The Internet is a Cellphone

The last post I wrote was a lament that the internet-as-a-cellphone wasn’t being fully explored from a technological standpoint.

Today we have the opposite problem: The internet-as-a-cellphone is being legislated as a cultural standpoint. Specifically, Domain Seizure has become the tool of choice to shut down “infringing content”. What is this content? Movies, games, pirated apps, etc.

How did we get here?

The old mode of piracy required a fair bit of infrastructure. A person would typically mail some money though the snailmail and they would typically get a stack of CDs or floppies in return with cracked apps and games on them. Things plunked along this way for a good while as the popularity of usenet declined due to AOL and eventually things went viral to the point where IRC was the mode of distribution. The IRC bots evolved to the point where if the bot didn’t have the software you were interested in, groups had agreed to cross referencing to other bots. The decline of USENET and the rise of IRC corresponded roughly from RadioShack and Circuit City not selling software or parts anymore to advertising software being pre-loaded on the pirated applications.

The movies thing I don’t think anyone saw coming. VHS piracy was as simple as going to blockbuster and renting whatever you wanted for $1 and then going home and wiring up the VCRs. As media moved into the digital realm, it meandered back to mail order DVDs (or the guy on the street corner selling questionable copies in strange languages), CD-Video (popular in asia, never here), MPEG copies on IRC, and the unfortunately named DivX video codec. DIVX players attempted to stem the tide with their dial-up DVD service but I would guess most of them ended up cracked.

Let me digress for a second and point out we forget who or what came before. The chinese looking to circumvent the firewall could learn oodles from the old US piracy market. How many books fit on a DVD? Actual text, I’m talking about, not ebooks. How many cameras come with an SD card now? Who checks all these things versus how much electronic stuff moves in and out of china? The great firewall doesn’t currently censor email as I recall, what about a wget service or a newsnet service with UUENCODED files? This is how the US used to do it and people wrote special mail handlers to reassemble these files, it would work in china. Its how it used to work. I had a DXR2. I bought it after my alpha died with which I used to rip DVDs. Nostalgia.

Somewhere along the way someone figured out the space requirements even for compressed, pirated materials (movies, games) was somewhere around 4GB.  Things plodded along at the 4GB limit for a bit and the movie industry responded by packing “HD Content” into 9GB DVDs with double layers, and finally the whole weird push to blu-ray and HD-DVD came around and blu-ray won because Sony’s pockets are deep enough to pay for a loss leader like that.

Suddenly, things came full circle. TV stalled. Gimmicks for TVs haven’t impressed consumers much because who cares about 3D content if it’s not on demand. Movies suffer the same problem. The issue is the world simply got busier. No-one has a two hour chunk of time to go to the theatre anymore. We don’t even have time to take books off the shelf. Why should we? We read books on our laptops, then the laptop became a tablet, than the table became an ebook reader, then the ebook reader stopped existing and became software on a cellphone. We scaled up the cellphone screen to a tablet again, but these new tablets had enough bandwidth and CPU to do something interesting – they could surf the web, and they could watch video. How big is the new HD AVATAR? 1.2GB. How big is the new HD INCEPTION? 1.4GB. This for full, 1080p content. Samsung said as much with it’s cellphones with the screen, but more importantly the line-out to your actual TV.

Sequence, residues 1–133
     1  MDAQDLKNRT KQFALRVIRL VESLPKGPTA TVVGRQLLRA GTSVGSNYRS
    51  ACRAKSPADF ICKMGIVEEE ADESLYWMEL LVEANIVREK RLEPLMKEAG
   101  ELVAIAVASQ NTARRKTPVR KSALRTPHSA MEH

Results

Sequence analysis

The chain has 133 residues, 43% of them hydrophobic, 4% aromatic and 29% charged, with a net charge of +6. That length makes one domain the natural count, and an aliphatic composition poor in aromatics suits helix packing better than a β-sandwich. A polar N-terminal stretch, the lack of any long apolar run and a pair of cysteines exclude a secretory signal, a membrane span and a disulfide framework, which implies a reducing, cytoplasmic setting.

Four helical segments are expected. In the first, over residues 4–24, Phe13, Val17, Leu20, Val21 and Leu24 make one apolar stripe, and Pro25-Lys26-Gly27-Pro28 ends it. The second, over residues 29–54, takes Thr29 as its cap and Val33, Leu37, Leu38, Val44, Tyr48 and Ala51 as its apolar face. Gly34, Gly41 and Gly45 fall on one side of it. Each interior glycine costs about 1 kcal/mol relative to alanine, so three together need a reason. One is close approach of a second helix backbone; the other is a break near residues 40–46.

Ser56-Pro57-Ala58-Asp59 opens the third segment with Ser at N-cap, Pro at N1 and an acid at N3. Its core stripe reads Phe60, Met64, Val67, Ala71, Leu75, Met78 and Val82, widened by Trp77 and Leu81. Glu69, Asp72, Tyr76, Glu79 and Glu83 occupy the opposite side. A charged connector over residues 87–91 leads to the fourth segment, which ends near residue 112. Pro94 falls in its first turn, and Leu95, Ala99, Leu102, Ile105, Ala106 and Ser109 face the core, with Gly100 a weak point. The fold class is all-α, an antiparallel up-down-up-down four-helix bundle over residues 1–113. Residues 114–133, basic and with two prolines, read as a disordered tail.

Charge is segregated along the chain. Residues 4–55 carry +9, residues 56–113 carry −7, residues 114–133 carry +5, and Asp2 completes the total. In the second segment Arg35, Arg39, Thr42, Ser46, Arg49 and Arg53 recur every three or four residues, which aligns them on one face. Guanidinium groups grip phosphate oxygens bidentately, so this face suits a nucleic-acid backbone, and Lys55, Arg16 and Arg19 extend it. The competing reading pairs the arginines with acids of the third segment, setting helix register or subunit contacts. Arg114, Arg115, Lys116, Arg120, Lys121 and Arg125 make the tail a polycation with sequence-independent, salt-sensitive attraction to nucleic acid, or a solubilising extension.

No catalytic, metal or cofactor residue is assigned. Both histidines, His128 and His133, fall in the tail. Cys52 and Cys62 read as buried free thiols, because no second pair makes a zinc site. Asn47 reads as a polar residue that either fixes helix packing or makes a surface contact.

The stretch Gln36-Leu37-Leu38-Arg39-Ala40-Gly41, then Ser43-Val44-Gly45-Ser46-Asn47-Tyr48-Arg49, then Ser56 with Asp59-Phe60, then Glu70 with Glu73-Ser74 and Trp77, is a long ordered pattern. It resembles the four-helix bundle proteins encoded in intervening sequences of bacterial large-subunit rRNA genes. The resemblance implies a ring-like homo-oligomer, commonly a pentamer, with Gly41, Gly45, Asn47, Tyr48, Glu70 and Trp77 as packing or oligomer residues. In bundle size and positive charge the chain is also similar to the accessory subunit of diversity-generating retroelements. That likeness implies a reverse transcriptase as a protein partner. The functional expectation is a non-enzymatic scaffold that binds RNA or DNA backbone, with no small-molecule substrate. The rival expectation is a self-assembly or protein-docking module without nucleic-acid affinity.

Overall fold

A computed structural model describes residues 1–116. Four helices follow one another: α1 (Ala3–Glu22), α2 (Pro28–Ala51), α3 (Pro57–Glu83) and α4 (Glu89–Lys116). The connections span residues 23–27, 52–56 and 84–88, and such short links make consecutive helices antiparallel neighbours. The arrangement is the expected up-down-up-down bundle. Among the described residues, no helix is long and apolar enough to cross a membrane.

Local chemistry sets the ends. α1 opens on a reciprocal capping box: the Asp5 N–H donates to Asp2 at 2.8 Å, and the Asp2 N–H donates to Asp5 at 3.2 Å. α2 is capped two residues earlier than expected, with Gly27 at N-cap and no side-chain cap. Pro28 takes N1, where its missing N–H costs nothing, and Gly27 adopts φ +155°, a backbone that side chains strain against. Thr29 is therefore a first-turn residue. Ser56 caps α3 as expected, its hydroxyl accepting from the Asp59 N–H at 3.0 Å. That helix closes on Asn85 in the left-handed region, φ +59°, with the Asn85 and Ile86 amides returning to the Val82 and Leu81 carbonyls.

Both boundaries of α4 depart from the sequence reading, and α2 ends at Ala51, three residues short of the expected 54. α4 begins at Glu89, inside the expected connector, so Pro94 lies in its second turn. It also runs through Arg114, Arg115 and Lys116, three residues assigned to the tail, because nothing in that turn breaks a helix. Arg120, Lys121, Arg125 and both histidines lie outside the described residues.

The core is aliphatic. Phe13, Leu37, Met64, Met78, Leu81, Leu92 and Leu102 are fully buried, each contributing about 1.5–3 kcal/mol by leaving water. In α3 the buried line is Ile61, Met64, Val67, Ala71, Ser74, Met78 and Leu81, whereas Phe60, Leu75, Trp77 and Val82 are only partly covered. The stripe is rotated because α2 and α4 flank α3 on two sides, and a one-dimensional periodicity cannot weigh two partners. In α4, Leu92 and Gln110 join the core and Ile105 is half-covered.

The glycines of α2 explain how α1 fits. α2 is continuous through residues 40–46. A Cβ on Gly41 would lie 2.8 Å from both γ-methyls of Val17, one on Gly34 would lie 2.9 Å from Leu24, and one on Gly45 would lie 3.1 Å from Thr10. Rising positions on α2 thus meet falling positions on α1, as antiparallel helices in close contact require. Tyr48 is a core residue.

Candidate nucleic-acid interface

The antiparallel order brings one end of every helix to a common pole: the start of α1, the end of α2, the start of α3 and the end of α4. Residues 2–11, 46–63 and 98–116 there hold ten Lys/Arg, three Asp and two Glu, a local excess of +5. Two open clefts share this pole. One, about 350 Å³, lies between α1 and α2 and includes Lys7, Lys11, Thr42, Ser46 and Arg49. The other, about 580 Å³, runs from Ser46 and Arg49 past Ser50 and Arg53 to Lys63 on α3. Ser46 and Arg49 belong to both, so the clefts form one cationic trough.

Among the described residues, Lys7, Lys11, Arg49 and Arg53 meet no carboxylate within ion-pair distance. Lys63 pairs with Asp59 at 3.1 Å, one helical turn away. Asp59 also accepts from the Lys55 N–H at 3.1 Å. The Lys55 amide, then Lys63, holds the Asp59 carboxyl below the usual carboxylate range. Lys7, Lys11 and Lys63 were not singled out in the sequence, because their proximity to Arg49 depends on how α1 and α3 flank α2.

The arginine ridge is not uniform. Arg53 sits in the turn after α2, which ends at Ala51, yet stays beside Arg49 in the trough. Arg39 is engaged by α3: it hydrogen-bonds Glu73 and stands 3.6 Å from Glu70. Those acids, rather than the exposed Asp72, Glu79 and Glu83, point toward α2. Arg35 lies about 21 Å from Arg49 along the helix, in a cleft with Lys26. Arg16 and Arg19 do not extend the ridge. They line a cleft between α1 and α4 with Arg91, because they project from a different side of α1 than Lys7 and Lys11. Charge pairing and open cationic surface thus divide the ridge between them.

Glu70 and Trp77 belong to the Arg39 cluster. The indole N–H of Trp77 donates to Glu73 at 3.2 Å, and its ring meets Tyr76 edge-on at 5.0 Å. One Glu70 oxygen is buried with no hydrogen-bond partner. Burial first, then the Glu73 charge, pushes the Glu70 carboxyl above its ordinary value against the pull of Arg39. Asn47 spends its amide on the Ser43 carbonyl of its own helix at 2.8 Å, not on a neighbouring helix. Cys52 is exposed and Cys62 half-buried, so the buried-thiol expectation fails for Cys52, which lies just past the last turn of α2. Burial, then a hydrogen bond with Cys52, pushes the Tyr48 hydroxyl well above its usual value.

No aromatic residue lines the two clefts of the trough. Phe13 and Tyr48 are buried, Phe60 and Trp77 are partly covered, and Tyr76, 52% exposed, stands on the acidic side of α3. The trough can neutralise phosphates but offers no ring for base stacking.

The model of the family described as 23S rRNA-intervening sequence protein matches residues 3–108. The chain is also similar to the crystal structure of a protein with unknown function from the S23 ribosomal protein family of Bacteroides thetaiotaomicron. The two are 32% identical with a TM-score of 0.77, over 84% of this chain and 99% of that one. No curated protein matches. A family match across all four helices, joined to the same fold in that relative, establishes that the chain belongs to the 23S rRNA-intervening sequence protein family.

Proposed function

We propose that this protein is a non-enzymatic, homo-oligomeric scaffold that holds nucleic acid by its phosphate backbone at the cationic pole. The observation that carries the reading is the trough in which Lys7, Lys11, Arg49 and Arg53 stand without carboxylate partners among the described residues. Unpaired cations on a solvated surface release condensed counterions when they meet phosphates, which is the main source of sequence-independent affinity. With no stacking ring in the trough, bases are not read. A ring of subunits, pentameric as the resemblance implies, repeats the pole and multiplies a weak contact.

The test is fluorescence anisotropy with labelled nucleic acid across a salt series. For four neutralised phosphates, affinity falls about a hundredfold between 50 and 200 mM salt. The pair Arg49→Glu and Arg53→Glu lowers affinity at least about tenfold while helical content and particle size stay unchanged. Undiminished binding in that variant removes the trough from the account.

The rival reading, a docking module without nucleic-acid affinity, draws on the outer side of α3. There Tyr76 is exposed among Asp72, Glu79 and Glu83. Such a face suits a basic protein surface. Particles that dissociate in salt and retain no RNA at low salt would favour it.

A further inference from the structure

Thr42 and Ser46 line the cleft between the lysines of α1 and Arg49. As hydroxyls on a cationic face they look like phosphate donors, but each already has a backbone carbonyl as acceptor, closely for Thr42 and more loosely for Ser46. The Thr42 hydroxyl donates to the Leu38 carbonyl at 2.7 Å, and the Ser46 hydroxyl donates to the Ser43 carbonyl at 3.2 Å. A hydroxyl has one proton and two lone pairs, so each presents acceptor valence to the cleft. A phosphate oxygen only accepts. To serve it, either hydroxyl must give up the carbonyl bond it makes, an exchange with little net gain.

This is the other side of the convergence that the new internet is a cellphone.

Now we look at Megaupload and GMAIL and such and 8GB is the norm. 8GB used to be just under what it took to store a DVD. Now 8GB is just enough to store 7 full movies. What’s important is that it’s the norm. It’s an artefact from a time when things were bigger and they could be bigger because we weren’t trying to consume content down small pipes. The movie companies know this but how could they legislate how much storage a particular user has? YouTube doesn’t even care. GMAIL? Why should they make it smaller? MegaUpload? 200MB, but how hard is it to keep a list of 5 URLs to unpack a RAR of a movie? Therein lies the problem. This is basically a bandwidth problem versus a content control problem. Since they (the MPAA/RIAA) can’t control the bandwidth they’ll try to control the content. What’s the best way to do that? Take away their cellphone. One man’s ZIP is another man’s video-codec, what’s the difference between cat and zcat? Compression, but they work the same way. The MPAA/RIAA already subscribes to this new model where the internet is a cellphone, and so everyone crying FREE SPEECH over the whole seizure of URLs doesn’t get it.Taking away a sites URL is like taking away their cellphone. It doesn’t impinge on their free speech, it just takes away the radio tower. Get another cellphone, learn the IPs. Your OS has a hosts file for a reason. It’s no biggie.

Just for reference: I do believe the megaupload files were seized improperly. I think everyone who was using it as a legitimate document repository should sue. I just don’t think the URL seizure is illegal nor amoral and reveals a profound misunderstanding of how the internet works.

On Catawba Grapes

There’s weirdly little history on catawba grapes. I find this incredibly strange because this particular vinaculture saved the American wine industry, wholly on accident. In a weird twist of Jonny Appleseed kind of legend, Nicholas Longworth established the cawtaba grape vine in Ohio. Similar to Maynard’s comments in Blood Into Wine, the vines had lived through temperance, prohibition and just about every major American military engagement since 1800. Why don’t we know more about him? Because no-one really has published anything about him. Wikipedia is weirdly quiet on the topic, but I think this is largely because they’d have to put the Republicans in a positive light. Wikipedia has a clear policy against this, so once again history is lost to personal agenda.